The Subway brand of quick-service sandwich shops is facing some choppy waters, with sales down, franchisees unhappy, and leadership divided on how to turn around the chain’s flagging fortunes. One area of concern: Subway’s long-delayed loyalty program, which has yet to launch. Can the world’s largest fast food brand reinvent itself through customer loyalty?
By Rick Ferguson
The New York Post has the story, which reveals that sales of the privately-held chain have fallen in each of the last two years – 13 percent, according to Restaurant Research – leaving Chief Executive Suzanne Greco at odds with Subway ownership over how to reverse course. Greco has invested heavily in the customer experience, teeing up a store redesign and launching Subway Digital to reinvent the chain’s ordering process with digital menu boards, kiosks, a Facebook Messenger bot and a new mobile app. That digital initiative includes a new loyalty program, which has run into some technical headwinds. Money quote from the Post:
“Greco was also jazzed about the soon-to-launch customer loyalty program that, she hoped, could reignite sales growth from the chain’s 7.5 million orders… But a long-time Subway franchisee told The Post that technical problems have long delayed the roll-out of the loyalty program. ‘The loyalty program is a year behind, with many false starts,’ the franchisee told The Post. ‘A reason is that it hasn’t been able to work yet because of software difficulties, including the corporate platform not talking to the store point of sale systems.’”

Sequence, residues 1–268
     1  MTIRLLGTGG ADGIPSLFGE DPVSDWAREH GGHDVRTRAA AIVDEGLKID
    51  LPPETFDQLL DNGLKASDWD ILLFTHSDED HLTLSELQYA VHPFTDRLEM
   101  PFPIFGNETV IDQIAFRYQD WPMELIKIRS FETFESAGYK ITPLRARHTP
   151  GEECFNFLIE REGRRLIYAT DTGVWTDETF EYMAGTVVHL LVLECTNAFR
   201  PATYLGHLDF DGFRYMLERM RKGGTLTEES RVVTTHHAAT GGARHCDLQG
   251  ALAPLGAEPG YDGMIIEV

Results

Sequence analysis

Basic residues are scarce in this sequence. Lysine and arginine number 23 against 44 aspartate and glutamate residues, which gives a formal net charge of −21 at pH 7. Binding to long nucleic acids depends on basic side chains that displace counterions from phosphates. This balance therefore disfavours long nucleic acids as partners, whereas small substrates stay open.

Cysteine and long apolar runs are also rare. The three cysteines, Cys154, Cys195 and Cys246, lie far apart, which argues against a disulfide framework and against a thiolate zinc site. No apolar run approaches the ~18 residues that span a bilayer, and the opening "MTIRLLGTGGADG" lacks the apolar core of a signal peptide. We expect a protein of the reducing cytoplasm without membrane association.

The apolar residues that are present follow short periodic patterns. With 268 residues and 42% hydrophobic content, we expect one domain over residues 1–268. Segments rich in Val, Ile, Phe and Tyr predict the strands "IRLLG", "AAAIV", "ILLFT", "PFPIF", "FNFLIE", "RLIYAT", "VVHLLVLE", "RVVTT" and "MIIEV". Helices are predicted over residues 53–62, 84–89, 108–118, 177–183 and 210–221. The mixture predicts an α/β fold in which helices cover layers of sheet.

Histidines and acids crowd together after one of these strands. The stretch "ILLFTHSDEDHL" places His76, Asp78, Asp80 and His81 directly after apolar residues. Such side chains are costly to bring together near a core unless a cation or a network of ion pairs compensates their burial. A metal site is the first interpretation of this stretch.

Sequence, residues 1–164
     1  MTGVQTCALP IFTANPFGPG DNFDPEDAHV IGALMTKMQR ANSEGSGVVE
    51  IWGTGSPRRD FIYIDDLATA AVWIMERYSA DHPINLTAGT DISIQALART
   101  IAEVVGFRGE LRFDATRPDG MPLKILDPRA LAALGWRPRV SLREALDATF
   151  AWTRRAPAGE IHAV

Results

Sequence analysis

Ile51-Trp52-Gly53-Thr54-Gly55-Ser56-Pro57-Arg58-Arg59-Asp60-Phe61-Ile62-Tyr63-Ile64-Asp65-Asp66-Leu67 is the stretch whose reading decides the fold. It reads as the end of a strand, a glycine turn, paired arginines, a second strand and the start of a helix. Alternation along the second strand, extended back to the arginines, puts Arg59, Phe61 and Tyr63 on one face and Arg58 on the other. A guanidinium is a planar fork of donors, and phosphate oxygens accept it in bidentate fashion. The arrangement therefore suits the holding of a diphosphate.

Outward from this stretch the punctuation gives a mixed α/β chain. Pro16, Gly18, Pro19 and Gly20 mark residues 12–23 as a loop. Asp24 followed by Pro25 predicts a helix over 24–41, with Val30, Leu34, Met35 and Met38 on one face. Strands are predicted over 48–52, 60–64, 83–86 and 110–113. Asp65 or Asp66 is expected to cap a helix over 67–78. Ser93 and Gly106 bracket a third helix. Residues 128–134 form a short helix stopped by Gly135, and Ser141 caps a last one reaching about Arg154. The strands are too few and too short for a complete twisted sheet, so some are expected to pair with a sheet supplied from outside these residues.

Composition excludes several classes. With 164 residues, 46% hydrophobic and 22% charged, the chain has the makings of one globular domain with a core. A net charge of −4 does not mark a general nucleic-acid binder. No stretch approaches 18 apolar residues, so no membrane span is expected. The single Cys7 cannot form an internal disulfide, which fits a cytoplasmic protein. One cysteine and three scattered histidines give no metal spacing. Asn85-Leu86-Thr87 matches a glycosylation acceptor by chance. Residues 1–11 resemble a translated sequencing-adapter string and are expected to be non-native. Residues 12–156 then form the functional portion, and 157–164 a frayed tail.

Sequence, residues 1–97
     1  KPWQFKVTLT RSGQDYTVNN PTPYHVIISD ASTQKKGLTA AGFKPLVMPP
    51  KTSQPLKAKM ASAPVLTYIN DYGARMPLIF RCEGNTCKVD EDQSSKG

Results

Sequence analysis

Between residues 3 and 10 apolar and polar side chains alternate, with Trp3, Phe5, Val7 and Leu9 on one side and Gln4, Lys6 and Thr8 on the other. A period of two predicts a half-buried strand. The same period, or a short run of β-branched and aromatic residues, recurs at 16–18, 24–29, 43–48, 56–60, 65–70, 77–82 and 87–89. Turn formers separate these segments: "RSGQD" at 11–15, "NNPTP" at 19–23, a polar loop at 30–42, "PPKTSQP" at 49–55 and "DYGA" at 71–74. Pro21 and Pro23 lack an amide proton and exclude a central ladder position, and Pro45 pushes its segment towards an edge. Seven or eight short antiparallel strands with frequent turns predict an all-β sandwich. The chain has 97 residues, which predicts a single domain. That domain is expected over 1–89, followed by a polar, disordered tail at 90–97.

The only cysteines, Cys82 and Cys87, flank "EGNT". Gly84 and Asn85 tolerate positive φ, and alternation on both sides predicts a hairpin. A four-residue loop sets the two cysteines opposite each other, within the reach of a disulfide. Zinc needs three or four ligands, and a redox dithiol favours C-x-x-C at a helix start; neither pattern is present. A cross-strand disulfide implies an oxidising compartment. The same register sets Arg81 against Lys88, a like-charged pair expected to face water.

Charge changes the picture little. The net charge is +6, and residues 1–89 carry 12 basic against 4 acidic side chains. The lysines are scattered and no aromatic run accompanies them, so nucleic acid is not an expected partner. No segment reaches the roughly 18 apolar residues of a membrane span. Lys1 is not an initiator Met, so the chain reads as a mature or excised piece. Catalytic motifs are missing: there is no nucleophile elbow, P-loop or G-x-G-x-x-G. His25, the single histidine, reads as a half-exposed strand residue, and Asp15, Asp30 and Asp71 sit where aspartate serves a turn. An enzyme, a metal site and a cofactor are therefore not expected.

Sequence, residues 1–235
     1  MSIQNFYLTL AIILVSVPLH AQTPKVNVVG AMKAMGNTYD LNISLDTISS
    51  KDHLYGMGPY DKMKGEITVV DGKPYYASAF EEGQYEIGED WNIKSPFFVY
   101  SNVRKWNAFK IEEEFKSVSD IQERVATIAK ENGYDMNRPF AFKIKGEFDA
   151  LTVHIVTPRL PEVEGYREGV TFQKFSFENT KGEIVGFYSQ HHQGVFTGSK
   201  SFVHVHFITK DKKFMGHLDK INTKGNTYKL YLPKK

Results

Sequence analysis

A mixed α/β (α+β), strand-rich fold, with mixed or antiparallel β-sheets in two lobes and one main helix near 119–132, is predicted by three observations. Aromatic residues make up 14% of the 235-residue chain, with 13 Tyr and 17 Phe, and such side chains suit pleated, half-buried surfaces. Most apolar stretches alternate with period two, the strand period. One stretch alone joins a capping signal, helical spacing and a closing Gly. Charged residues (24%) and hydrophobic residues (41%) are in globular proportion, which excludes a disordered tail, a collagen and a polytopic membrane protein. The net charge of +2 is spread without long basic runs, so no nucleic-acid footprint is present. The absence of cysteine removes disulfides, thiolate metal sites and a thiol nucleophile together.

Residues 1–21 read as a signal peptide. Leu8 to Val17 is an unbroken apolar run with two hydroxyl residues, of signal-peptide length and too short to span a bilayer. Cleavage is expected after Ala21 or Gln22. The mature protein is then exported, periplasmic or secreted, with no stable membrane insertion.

There’s also the question of whether an all-in digital push is even the right direction for the chain, given that much of Subway’s sales declines can be attributed to a shift in tastes – particularly driven by Millennial consumers – away from cheap fast-food options and toward more premium fare made with fresher ingredients. It’s the Chipotle model, only without the botulism. Subway’s core customer base is blue-collar, and their store locations tend to be down-market, tucked within suburban strip malls and highway exit-ramp gas stations. Will digital menu boards really turn the tide?
The Post reports that ownership would prefer the company to expand into sub-brands to capture changing consumer tastes. Over at Restaurant News, contributor Jonathon Maze also advises the company to move beyond discounting:
“Subway has also relied heavily on discounts. The chain successfully used its $5 Footlong promotion for years to generate sales coming out of the recession when consumers stopped eating out. And any chain as ubiquitous as Subway needs some discounting strategy. Yet as the economy improved, consumers shifted more spending toward higher quality options, and Subway’s focus on discounts made it the lower-end sandwich seller in the market. It’s probably no coincidence that both McDonald’s and Subway started seeing sales and traffic declines in 2012.”
For now, however, Greco’s CX initiative, with a new loyalty program as its centerpiece, is the company’s stated way forward. Greco’s focus on the customer experience and loyalty is also entirely defensible, given that Subway now ranks dead last in customer loyalty among fast-food chains, according to Brand Keys. As Jonathan Maze points out, however, what the company mustn’t do is put a shiny new digital wrapper on the same old strategy. Subway should make the loyalty program the centerpiece of their relationship-building efforts – and then leverage those best customers to help them reinvent the brand. The loyalty program isn’t the end-game of building customer loyalty; it’s only the beginning.
Rick Ferguson is Editor in Chief of the Wise Marketer Group and is a Certified Loyalty Marketing Professional (CLMP).